Refugee Resettlement Services

Catholic Charities serves refugees who come to the United States through the U.S. Department of State and U.S. Conference of Catholic Bishops. Refugees come from extreme poverty, violence, or religious and political persecution in their homelands; seeking a better life for themselves and their families.

Refugee_camp_in_GuineaSober Facts
– There are 65.3 million forcibly displaced people worldwide, refugees who left their home, where it was too dangerous to stay.  More than 21 million refugees, over half of whom are under the age of 18, live in confinement in camps in adjacent countries, in squalor, amidst disease and deprivation. Some refugees are repatriated (returned home); others are nationalized (accepted as citizens and residents in the nation of their camps); but most remain refugees.

Less than 1% of refugees are resettled. Most live their lives in refugee camps.

Providing Light – Refugees who come to the U.S. are resettled in communities throughout the nation.  Catholic Charities is the only agency serving refugees who are resettled in Greater Cincinnati.  Through the U.S. Conference of Catholic Bishops and the U.S. Department of State, Catholic Charities resettles about 200 refugees a year in Cincinnati.  More than 12,000 refugees have been resettled by Catholic Charities in this community since 1980. In 2017, Catholic Charities resettled 278 down from 333 refugees resettled during the 2016 program year. Most came from Bhutan and the Democratic Republic of the Congo both years. We expect to resettled 240 refugees during the 2018 program year.

Refugees seek resettlement to flee intolerable conditions in their homelands and are a special class of immigrants who come here; vetted and security cleared by the government.  These new immigrants enrich our culture and join the long line of German, Irish, Jewish, Polish, Asian & Eastern European refugees and immigrants who came to Cincinnati looking for a fresh start and a better life as New Americans.

These refugees come from far-reaching parts of the world – Burundi, Bhutan, Iraq, Congo, Eritrea, and Sudan.  All have hopes of a better and safer life in the United States for them and their families.  The goal is to strengthen our community by assisting these New Americans so that refugees, migrants and people on the move are treated with dignity, respect, welcome and belonging.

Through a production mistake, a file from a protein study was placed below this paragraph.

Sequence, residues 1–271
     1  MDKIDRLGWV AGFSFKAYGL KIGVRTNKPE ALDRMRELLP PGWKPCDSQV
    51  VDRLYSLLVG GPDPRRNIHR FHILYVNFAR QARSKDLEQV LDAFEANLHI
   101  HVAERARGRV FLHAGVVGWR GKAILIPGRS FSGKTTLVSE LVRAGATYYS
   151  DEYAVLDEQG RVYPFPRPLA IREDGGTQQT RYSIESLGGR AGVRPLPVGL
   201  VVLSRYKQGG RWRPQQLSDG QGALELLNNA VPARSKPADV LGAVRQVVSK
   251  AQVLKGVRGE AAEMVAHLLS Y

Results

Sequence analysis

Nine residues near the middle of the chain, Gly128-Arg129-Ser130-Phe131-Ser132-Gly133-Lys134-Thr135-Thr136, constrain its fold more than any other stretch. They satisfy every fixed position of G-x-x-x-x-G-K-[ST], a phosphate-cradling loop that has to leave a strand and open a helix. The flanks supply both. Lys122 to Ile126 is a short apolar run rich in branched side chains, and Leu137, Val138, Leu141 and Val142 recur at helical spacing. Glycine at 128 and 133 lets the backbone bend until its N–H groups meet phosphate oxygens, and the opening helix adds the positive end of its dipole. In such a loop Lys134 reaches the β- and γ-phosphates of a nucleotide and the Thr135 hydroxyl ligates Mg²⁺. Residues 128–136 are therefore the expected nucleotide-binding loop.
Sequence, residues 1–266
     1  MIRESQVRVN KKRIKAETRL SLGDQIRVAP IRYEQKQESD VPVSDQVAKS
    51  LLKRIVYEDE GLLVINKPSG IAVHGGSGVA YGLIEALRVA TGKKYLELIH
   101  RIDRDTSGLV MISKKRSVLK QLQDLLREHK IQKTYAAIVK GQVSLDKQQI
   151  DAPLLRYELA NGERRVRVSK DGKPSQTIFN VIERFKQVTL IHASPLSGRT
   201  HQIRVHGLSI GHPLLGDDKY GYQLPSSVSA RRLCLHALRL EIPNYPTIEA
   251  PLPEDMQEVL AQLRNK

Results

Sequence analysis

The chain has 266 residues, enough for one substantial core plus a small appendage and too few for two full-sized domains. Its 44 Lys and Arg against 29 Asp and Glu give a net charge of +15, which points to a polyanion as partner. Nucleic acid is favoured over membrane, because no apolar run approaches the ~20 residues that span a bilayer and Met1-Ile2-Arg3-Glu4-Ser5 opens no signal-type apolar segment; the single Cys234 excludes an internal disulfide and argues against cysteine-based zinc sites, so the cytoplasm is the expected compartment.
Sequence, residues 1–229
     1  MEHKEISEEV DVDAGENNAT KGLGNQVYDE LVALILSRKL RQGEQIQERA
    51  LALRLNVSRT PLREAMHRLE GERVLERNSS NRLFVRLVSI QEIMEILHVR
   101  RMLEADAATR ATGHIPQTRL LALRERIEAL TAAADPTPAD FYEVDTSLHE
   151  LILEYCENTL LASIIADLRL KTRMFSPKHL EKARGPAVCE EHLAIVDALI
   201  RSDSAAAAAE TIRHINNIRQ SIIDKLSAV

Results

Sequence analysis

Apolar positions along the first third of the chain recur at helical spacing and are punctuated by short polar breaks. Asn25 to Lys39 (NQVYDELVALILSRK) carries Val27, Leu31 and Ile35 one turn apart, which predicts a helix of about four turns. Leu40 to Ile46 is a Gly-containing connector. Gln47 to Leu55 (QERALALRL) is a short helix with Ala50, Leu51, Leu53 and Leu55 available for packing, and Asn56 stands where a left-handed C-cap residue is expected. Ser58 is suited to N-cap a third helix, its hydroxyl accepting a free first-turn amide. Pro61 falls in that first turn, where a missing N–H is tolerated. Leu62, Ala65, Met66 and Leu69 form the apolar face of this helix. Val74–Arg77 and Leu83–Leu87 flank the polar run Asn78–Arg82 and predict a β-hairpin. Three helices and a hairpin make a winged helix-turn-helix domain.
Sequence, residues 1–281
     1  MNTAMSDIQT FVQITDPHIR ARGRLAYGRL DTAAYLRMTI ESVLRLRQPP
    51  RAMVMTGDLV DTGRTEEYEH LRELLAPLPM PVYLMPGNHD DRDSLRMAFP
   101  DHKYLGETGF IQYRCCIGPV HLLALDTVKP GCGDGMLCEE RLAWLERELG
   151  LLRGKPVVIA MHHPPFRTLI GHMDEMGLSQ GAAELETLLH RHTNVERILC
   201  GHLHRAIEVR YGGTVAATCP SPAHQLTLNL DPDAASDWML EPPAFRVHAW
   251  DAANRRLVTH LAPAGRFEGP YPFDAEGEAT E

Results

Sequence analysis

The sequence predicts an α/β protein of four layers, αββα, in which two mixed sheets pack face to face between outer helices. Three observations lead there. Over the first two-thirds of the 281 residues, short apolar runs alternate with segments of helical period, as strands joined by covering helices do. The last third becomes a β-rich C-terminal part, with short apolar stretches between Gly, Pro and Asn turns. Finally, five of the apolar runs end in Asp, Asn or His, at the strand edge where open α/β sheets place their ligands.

Importantly, studies show refugees have a positive impact on their new homes as they’re more likely to be entrepreneurial and participate in the labor market. A recent study examining refugee resettlement in the Cleveland area supports this view. Read Economic Impact of Refugees in the Cleveland Area. The Center for Migration Studies issued a new report in June 2018 that provides compelling data and findings in support of the premise that refugees are net contributors to their host communities and our nation as a whole and not a threat or burden as some have argued. Commissioned by Catholic Charities USA in partnership with Catholic Relief Services and the US Conference of Catholic Bishops/Migration and Refugee Services, the report states, “The US refugee program has advanced the United States’ standing in the world, saved countless lives, and put millions of refugees on a path to work, self-sufficiency, and integration.”

Here’s a story with a happy ending from a former refugee, Joseph, from Liberia share his hopes and dreams for his family. If you would like to invite a refugee to speak at your school, congregation, club or group, contact our Refugee Speakers Bureau to schedule a presentation.


Learn more about the services we provide.

To learn more about our World Refugee Day Celebration on June 22nd, click here.

The Refugee Program is always in need of volunteers, household goods, and monetary donations.  Learn how you can help.

Learn about the refugees and the refugee resettlement process.

Hear about our success stories and outcomes.

(Photo: U.S. Agency for International Development)